Delhi drivers have mastered the maneuver that is joining an entourage completely uninvited... soon we are one long trail of self-important farts making Delhi's polluted air ever more pungent.

Delhi drivers have mastered the maneuver that is joining an entourage completely uninvited. My driver is no different and we immediately join the cavalcade. Many others have the same idea and soon we are one long trail of self-important farts making Delhi's polluted air ever more pungent. As a result, I arrive at the airport with plenty of time to spare and I spend some leisurely moments marveling at the new IGIA which is now more airport and less hawai adda.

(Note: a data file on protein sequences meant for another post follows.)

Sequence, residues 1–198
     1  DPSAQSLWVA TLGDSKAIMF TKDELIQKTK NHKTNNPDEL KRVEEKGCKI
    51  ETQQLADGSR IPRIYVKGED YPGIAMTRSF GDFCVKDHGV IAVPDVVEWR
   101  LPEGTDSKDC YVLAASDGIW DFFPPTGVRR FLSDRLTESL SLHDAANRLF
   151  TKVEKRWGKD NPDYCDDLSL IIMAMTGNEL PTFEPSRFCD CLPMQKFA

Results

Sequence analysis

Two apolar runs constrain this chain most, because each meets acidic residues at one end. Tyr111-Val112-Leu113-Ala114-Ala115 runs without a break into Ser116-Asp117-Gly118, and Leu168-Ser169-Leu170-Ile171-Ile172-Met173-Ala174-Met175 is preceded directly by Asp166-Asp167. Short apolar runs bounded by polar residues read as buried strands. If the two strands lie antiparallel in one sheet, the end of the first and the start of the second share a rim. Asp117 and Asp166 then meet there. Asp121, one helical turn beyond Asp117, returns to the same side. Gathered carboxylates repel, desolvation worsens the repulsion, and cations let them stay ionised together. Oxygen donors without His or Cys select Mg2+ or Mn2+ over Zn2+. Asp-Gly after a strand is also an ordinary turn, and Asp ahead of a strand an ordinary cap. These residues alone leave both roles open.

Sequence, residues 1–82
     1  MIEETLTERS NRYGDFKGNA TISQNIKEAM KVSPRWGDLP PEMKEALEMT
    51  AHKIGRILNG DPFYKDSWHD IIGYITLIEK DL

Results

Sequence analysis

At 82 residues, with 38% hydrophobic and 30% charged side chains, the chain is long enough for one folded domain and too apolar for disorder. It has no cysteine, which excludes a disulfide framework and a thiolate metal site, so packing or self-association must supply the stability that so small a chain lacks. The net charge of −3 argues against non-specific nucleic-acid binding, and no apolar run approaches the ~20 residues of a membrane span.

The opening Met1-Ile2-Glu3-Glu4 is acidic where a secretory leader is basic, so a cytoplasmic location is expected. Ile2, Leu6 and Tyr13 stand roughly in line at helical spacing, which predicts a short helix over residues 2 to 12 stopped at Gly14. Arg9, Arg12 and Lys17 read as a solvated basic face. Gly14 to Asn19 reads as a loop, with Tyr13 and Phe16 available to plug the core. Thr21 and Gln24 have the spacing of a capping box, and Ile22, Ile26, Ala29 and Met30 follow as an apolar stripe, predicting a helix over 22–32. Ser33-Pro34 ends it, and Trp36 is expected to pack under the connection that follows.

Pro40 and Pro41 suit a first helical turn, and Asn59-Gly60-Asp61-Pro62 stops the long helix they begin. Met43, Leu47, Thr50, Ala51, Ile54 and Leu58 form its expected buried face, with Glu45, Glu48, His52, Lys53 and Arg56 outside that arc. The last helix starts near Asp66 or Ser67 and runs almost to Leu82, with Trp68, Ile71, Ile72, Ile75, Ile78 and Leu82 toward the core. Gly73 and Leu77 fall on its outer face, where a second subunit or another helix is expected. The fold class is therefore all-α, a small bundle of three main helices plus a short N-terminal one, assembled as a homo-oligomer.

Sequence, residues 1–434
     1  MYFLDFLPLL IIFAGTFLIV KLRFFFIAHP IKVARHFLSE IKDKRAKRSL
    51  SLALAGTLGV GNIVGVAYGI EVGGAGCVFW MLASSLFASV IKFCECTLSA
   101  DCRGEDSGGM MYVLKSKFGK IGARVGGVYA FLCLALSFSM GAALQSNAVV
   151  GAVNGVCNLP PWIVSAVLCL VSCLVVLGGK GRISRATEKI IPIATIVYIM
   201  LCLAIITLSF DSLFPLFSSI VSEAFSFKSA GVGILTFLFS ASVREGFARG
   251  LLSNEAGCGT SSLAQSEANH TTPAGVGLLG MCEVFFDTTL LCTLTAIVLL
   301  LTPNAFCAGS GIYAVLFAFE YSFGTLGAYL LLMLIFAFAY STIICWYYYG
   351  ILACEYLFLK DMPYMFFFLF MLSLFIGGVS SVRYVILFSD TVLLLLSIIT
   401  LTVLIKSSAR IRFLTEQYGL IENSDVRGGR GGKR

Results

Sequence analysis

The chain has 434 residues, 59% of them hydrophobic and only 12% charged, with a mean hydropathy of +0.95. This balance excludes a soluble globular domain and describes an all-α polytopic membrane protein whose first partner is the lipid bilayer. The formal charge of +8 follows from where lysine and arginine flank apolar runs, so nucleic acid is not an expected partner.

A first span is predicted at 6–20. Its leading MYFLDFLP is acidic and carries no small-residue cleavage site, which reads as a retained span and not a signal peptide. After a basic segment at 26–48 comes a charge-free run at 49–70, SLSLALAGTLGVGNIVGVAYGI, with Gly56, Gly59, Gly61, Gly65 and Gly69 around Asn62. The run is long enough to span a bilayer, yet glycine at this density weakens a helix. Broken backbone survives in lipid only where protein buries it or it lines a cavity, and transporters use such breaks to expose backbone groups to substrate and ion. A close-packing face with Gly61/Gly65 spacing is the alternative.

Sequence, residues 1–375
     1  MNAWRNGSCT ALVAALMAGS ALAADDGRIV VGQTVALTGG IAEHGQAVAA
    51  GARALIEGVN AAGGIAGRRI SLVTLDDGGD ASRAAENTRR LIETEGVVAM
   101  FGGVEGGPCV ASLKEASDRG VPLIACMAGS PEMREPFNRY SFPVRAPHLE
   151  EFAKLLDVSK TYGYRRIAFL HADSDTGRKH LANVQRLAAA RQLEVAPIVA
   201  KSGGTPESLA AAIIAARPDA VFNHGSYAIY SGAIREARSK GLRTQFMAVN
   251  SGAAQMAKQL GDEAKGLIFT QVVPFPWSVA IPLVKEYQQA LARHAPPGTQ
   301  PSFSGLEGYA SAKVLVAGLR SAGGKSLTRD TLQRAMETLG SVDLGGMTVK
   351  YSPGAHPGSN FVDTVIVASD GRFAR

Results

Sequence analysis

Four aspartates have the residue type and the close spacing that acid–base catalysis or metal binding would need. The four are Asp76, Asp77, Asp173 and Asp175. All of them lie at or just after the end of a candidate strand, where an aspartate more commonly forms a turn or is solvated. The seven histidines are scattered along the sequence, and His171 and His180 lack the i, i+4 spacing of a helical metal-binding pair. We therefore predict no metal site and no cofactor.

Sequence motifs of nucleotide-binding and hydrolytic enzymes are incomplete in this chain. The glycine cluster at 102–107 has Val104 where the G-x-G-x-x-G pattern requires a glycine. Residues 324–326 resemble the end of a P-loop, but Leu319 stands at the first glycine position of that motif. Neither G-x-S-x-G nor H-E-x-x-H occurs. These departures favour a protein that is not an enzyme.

My leisurely reverie is interrupted once again when I hear that most quintessential of Dilli sounds--colourful vernacular curses that mix familial relationships and human anatomy in the most original ways. I look around to find the source of these imaginative declarations. A young man wearing a custom-made suit and polished shoes is spitting fire at a porter. "I told you," he bellows "you [insert matriarchal relationship + human anatomical part], the bag can't touch the ground." The porter and I stare at the wheels of the Louis Vuitton bag in question, and wonder confusedly about the purpose of a wheeled bag that cannot be wheeled.